Archive for the ‘Slow Cooker’ Category
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When I was a little girl growing up in Germany, when we had Oxen Shvantz Suppe it was always a real treat. Braised with wine for hours they are tender and juicy. They are wonderful on a cold, rainy winter day.
What are ox tails, you ask? Well, they are the tail of an ox or steer which is cut into 2 to 3 inch pieces. They are very meaty and make a nice gravy, all on their own. How do you eat ox tails? You get most of the meat out with your fork, then you pick the piece up and suck all the goodness out of the bone. A bone bowl is a good thing to have on the table when you are serving ox tails.
When you go to buy ox tails, be sure and get them from a reputable butcher. The bony part should be bright white, the sinew pink, and the meat should be nice and red. I was lucky, my butcher brought out a tail and cut it there in front of me with his incredibly sharp knife. You can’t get any fresher than that.
Recipes in this Post
Almost every year, I bake a ham for Christmas so that I can have the bone for New Year’s Day. Of course, this year I roasted a goose, so I had no ham bone. Luckily, my good friend Stevie Lewis, saved me the bone from his family’s Christmas ham. From this bone, I make Hoppin John, and old Southern dish of black-eyed peas, ham, and rice. With it I serve steamed Kale and cornbread.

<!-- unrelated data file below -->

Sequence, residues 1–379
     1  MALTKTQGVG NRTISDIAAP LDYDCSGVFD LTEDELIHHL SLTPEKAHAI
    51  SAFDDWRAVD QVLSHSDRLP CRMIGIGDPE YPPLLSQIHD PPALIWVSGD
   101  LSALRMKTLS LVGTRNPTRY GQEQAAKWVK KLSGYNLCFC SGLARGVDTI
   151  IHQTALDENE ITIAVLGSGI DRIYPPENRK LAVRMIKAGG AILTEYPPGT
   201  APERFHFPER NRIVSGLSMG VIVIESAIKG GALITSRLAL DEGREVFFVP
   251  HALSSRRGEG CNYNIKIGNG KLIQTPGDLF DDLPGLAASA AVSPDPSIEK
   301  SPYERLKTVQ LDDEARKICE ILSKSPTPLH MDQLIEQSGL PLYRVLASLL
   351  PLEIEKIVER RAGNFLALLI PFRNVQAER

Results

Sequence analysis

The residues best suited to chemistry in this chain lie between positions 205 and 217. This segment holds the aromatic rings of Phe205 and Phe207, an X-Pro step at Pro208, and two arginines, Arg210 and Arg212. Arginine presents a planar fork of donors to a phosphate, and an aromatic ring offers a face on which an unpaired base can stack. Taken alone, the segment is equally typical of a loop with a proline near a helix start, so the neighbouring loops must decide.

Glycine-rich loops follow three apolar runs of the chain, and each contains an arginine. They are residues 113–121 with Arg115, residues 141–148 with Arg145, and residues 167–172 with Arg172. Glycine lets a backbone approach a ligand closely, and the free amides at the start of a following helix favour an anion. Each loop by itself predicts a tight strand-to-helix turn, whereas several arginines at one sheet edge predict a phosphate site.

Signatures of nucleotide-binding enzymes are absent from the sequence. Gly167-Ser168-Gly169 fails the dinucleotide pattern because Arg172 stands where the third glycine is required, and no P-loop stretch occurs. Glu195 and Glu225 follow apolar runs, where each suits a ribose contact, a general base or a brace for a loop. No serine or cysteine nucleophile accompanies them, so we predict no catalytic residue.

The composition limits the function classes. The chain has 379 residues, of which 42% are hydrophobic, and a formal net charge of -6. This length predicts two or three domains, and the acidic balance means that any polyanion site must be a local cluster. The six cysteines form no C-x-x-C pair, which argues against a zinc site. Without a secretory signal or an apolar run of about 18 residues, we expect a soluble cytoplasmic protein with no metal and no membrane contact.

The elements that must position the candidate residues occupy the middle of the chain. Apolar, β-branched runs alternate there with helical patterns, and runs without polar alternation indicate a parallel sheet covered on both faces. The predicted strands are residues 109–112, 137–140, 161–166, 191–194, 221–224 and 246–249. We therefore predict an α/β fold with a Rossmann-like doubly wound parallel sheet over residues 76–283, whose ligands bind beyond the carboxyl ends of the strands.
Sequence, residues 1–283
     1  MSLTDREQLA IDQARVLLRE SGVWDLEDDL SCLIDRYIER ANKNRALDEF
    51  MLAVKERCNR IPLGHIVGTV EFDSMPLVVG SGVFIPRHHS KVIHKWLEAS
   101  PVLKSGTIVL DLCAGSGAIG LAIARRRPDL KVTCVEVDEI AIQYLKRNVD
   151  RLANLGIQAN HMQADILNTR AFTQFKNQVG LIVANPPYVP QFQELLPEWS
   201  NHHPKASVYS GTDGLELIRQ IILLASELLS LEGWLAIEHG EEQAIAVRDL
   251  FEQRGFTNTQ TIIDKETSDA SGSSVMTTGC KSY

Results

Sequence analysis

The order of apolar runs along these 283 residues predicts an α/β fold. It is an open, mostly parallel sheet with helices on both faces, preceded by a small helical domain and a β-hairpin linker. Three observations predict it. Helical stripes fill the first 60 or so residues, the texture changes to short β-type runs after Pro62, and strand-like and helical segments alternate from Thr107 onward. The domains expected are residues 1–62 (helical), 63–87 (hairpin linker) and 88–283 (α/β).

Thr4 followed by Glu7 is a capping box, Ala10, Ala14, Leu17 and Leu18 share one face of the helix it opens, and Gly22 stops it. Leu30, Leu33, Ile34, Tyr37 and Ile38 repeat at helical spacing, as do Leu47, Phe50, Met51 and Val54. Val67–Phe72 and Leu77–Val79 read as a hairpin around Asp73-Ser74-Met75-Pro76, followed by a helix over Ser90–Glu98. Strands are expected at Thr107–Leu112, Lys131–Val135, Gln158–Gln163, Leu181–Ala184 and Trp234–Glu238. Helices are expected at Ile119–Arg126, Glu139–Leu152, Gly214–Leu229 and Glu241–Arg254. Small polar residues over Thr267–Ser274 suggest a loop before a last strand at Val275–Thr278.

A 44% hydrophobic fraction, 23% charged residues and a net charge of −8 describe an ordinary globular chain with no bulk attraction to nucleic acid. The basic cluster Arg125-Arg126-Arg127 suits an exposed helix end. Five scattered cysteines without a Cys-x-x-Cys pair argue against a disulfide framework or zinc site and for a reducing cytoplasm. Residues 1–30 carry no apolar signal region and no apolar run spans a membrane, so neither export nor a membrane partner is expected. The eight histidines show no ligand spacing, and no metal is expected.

There is quite the long tradition with this meal. The black-eyed peas are said to represent coins, the kale is green like money, and the cornbread is golden to represent gold. Eating this for New Year’s Day is supposed to bring good fortune for the New Year.
Well, it might not bring any more money into your purse, but it is very economical. It’s a break for all the heavy holiday foods. It’s also very good for you. Black-eyed peas are high in protein, iron, zinc and potassium. Kale has anti-cancer properties. Corn bread, if you don’t put tons on butter on it, is also good for you.
I have been making this meal for years, but alas, the only photo is the one at the top. But, I’ll take pictures when I make it, so if you’re here after January, 2012, there are probably more pictures.
Every year, I make a special New Year’s Day dish, but I’m going to hold that one for another post, so stay tuned. In the meantime, I think that you might find yourself making some of 2011′s most popular recipes for your own festivities.